Much of southern and central Europe was again baking in blistering hot temperatures on Saturday as an intense heat wave that took hold earlier in the week continued.
“Red alerts” have been issued for 15 cities across Italy, up from 10 on Friday, including some of the biggest tourist destinations in the country, like Florence, Bologna and the capital Rome. Forecasters warn temperatures could hit record highs next week.
The Italian capital hit a high of 35 C on Saturday and was expected to see temperatures as high as 42 C on Tuesday.
Forecasters say cities on the islands of Sicily and Sardinia could see temperatures as high as 48 C next week, close to a record high for Europe, as a second heat wave hits the country. The hottest temperature ever recorded on the continent was 48.8 C in Sicily, in August 2021.
The red alert means high heat is a threat to everyone in the population, not just more vulnerable groups like children and the elderly.
Italian authorities are asking people to keep an eye on elderly neighbours who could be living alone and under threat from the intense heat. They’ve also advised people to avoid direct sunlight from 11 a.m. to 6 p.m.
Acropolis closed again
Greece closed the ancient Acropolis during the hottest part of the day on Friday, from noon until 5 p.m., to protect tourists as temperatures hit 40 C.
Scorching temperatures across Europe led to the closure of the iconic site in Athens for a second day on Saturday, as a high of 41 C was forecasted and officials warned of even hotter weather in the coming days, when the mercury could top 40 C in multiple Mediterranean tourist destinations.
The European Space Agency, whose satellites monitor land and sea temperatures, has warned that Italy, Spain, France, Germany and Poland are all facing extreme conditions.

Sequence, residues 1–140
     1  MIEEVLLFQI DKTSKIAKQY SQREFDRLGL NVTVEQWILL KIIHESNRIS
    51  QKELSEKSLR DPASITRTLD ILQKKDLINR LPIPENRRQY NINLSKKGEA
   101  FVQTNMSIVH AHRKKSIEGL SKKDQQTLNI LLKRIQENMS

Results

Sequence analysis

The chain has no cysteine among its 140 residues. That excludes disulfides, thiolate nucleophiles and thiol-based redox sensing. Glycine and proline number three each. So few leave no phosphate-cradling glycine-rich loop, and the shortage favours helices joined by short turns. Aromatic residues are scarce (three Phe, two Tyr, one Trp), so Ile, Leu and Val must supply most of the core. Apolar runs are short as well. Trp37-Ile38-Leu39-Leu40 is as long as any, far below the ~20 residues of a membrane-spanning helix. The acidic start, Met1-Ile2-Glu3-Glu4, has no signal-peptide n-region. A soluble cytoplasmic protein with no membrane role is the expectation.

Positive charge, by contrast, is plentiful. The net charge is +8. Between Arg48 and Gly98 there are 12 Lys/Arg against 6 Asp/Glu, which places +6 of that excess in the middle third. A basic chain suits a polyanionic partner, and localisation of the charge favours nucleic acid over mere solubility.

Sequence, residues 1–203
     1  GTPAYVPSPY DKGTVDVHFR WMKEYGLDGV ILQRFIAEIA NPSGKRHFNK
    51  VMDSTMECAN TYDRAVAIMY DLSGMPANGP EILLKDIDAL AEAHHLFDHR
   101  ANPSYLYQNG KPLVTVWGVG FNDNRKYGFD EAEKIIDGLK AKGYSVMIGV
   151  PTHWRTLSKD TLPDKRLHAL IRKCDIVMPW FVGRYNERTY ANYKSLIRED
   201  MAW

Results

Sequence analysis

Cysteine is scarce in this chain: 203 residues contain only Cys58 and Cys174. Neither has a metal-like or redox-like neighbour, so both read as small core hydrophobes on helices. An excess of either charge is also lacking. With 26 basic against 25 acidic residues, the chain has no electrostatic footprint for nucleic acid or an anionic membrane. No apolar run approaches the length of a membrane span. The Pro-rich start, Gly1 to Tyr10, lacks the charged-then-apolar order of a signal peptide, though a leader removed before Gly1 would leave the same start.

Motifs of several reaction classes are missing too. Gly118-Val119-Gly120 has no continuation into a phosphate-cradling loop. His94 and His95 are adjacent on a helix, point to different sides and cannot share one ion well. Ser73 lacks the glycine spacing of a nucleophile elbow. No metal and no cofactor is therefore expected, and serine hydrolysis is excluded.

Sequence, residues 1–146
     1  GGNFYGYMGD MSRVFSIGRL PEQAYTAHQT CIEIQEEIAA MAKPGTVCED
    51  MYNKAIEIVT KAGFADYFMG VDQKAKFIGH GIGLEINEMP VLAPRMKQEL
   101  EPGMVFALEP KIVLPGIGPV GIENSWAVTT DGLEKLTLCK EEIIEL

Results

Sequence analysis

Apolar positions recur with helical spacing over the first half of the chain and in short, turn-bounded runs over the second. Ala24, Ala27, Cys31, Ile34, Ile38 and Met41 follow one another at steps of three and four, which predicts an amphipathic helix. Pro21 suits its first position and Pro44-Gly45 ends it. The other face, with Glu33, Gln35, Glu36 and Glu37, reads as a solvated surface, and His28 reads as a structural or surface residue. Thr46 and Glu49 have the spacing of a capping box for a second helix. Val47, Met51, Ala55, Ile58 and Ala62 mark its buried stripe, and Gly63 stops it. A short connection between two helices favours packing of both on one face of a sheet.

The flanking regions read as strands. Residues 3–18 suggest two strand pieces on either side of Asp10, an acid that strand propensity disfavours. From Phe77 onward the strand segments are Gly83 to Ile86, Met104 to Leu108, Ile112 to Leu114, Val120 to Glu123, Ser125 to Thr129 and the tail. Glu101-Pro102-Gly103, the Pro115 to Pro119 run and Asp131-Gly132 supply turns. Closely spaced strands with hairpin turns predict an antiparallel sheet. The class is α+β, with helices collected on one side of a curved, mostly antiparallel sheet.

Authorities in Poland warned older adults in particular to stay indoors or in the shade and well-hydrated as temperatures reached 35 C on Saturday.
In downtown Warsaw, and in other cities, makeshift hose fountains were arranged to let people and their pets cool off. Police issued warnings about not leaving children or pets unattended inside cars.
Doctors in Spain warned that poorer elderly people with existing health problems were most at risk.
“They suffer from heart issues, chronic bronchitis, stroke, kidney failure,” said Angel Abad, a preventative medicine and public health specialist at Madrid’s La Paz hospital.
Joan Ballester, a professor at the Barcelona Institute for Global Health, said France had learned lessons from a deadly 2003 heat wave that countries such as Italy, Greece, Spain and Portugal could follow.
“Basically, the most affected are Italy, Greece, then Spain and Portugal. These are countries that are also characterized by economic conditions that are not as advanced as the rest of the continent,” she said.
The 2003 heat wave was blamed for about 70,000 deaths across the continent, while it’s believed that more than 60,000 Europeans died due to extreme heat last summer.
Relentless heat in parts of U.S.
Extreme heat was also baking much of the United States on Saturday, with one in three Americans under some kind of heat advisory.
The heat was forecast to get worse this weekend for Nevada, Arizona and California, where desert temperatures were predicted to soar past 48.8 C during the day in some areas, and remain above 32.2 C overnight.
Over the past two weeks, the mercury has hit 43 C or higher every afternoon in Phoenix, Ariz., a streak of extreme temperatures that could stretch into next week, breaking the city’s 1974 record of 18 consecutive days, forecasters say.
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